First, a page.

Ginger Nuts of Horror
Review by Stewart Horn
Many authors to have a distinctive voice and explore recurrent themes in their fiction, or have a prose style recognisable and reassuring for the reader. William Meikle is not one of those authors. I have read and enjoyed much of his fiction before, but his scope seems as wide as the horror genre can be, from subtle ghost stories to apocalyptic science fiction, vampire stories to trashy big bug novels in the style of a 1970s Guy N. Smith. He effortlessly adjusts his prose to suit the style and period of whatever he's working on.
The original Carnacki appeared in a series of short stories by Edwardian writer William Hope Hodgson. Carnacki is presented as a well-to-do gentleman living in lodgings in London, very much an heir to Sherlock Holmes but with the supernatural edge that Conan Doyle avoided. The original collection was a childhood favourite of mine and is still on a bookcase somewhere in my house.
Meikle's collection fits in nicely and complements the original tales, using the same framing technique and convincingly mimicking Hodgson's style and characters. The result is a very mixed bunch of tales, but all great fun to read.
The opening story is The Photographer's Friend, in which a photographer's work is ruined by a strange creature appearing in every photograph he takes, looking more corporeal each time. It sets the tone nicely and establishes the unsettling fact that Carnacki's success rate is less than 100% and his clients do not always survive.
Fins in the Fog is a creepy and atmospheric piece in which a sailor is haunted by the ghosts of a family of sharks he killed. They are not even confined to water but can swim through the London fog.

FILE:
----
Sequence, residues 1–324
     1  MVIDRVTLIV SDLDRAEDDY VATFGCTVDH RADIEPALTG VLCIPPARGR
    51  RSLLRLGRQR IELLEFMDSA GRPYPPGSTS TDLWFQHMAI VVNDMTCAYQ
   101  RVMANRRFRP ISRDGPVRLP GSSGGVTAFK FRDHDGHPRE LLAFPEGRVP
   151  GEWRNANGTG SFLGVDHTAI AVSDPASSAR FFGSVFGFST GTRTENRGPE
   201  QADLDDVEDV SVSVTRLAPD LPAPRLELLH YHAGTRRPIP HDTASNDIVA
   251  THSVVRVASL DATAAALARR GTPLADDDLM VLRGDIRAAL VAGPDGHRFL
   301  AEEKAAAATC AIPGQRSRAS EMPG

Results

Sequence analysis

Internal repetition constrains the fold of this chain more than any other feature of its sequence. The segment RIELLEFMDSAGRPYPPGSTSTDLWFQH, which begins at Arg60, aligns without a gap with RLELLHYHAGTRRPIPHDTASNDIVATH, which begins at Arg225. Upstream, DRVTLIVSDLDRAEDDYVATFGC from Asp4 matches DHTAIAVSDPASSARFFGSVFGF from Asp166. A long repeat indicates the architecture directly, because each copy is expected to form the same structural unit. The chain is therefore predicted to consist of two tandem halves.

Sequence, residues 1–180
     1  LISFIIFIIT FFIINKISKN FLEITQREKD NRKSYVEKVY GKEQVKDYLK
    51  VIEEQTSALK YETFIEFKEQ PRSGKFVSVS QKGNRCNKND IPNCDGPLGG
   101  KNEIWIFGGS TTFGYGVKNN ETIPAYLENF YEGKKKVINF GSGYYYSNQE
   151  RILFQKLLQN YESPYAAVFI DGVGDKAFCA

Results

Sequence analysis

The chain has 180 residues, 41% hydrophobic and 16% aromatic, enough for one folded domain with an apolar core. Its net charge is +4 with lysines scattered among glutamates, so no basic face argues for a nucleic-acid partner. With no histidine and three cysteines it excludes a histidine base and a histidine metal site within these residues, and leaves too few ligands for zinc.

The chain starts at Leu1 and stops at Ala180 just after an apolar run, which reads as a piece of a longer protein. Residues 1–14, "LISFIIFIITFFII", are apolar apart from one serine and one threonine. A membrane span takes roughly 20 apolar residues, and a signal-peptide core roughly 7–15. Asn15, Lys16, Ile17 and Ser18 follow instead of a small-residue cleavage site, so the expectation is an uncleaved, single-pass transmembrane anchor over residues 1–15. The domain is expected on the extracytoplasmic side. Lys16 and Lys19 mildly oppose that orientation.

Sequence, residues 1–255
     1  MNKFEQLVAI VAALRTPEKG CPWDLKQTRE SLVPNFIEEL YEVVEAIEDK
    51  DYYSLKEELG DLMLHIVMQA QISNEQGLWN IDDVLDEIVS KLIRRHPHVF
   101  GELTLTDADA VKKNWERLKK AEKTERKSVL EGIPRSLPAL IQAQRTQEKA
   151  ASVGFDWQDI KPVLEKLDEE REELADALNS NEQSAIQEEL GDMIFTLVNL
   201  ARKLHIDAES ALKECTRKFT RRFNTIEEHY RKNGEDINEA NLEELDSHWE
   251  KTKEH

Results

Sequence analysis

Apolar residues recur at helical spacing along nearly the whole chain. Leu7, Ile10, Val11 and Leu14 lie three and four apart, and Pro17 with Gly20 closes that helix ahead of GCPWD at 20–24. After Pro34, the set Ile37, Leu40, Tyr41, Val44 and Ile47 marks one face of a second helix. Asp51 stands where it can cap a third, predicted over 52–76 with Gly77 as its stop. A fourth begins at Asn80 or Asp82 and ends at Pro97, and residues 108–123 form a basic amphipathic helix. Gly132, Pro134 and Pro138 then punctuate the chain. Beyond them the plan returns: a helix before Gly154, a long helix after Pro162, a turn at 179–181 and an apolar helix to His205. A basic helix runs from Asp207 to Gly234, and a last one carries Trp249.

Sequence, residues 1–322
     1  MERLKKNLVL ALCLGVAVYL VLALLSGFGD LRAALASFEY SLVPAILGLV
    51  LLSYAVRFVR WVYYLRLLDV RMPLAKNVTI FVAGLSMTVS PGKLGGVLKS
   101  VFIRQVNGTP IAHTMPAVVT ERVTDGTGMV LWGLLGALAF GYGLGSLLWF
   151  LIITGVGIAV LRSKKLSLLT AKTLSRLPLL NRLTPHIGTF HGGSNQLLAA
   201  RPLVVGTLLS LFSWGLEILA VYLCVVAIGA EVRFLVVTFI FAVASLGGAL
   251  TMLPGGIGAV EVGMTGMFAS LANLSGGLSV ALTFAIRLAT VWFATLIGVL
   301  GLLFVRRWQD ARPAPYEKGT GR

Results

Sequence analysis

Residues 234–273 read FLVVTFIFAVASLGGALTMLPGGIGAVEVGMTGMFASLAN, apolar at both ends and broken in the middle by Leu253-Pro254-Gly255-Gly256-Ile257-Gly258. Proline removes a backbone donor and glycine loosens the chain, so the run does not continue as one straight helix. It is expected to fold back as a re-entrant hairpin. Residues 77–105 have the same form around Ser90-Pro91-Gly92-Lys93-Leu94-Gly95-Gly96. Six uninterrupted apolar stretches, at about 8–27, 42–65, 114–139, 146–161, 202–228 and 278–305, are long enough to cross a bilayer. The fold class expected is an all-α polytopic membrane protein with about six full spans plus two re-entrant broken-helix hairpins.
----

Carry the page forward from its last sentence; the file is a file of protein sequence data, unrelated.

The Cheyne Walk Infestation is one to avoid if you don't like creepy-crawlies as one of Carnacki's supper parties is interrupted by ghostly many-legged beasties.
In An Unexpected Delivery an ancient amulet contains a curse that spells death for whoever opens it, a fact that Carnacki discovers soon after opening it himself.
A little more light hearted is A Sticky Wicket, featuring a cricket pitch which seems always to favour the opposing team. It's less intense and creepy than some of the others and pokes fun at cricket enthusiasts and gentlemen of a certain age. As if to overcompensate, he follows it with The King's Treasure, a rip-roaring adventure set in the North Sea and probably the scariest in the collection. It's followed by another creepy nautical tale Mr. Churchill's Surprise¸ set on a haunted German U-boat and featuring a little musing on how we shift our morality during wartime.
The title story, The Edinburgh Townhouse, is by contrast rather sweet, and stars a dashing young hero who succeeds in his romantic quest. Love, it seems, is as effective a defence against the outer dark as any of Carnacki's tools.
A Night in the Storeroom begins with a gruesome death and is set in the basement of The British Museum, and is as creepy as you would expect. And in the cracking final story Into the Light, Carnacki has to protect Winston Churchill from a demon in a pub basement.
Every story contains numerous references to food, alcohol and tobacco, usually along the lines of "a wholesome mutton stew" or "a fine Scotch", and you can sense Carnacki's disappointment when he has to suffer "a quick supper of cold ham, meat and cheese" before collecting his electric pentacle and battling with creatures from the outer darkness. All the characters are male, and if anyone has a wife it's not considered interesting enough to talk about, yet it doesn't come across as misogynistic so much as a comment on the superficiality of male friendships.
All in all, bally good fun, one to enjoy with sitting round the fireplace with the chaps, a glass good aged port in hand.
CARNACKI operates in shadowy occult realms, on the fringes of science, in places out of sight and out of mind of normal everyday people. But sometimes the darkness touches the lives of others in ways they cannot understand, and they find they need help - the kind of help that only Carnacki can provide.
In MR. CHURCHILL'S SURPRISE and INTO THE LIGHT Carnacki is called on to help a young Winston Churchill investigate a strangely empty German U-Boat captured in the North Sea, and in dispelling something that is lingering in a London inn that was home to a club of gentlemen seeking illicit pleasures and a path to power.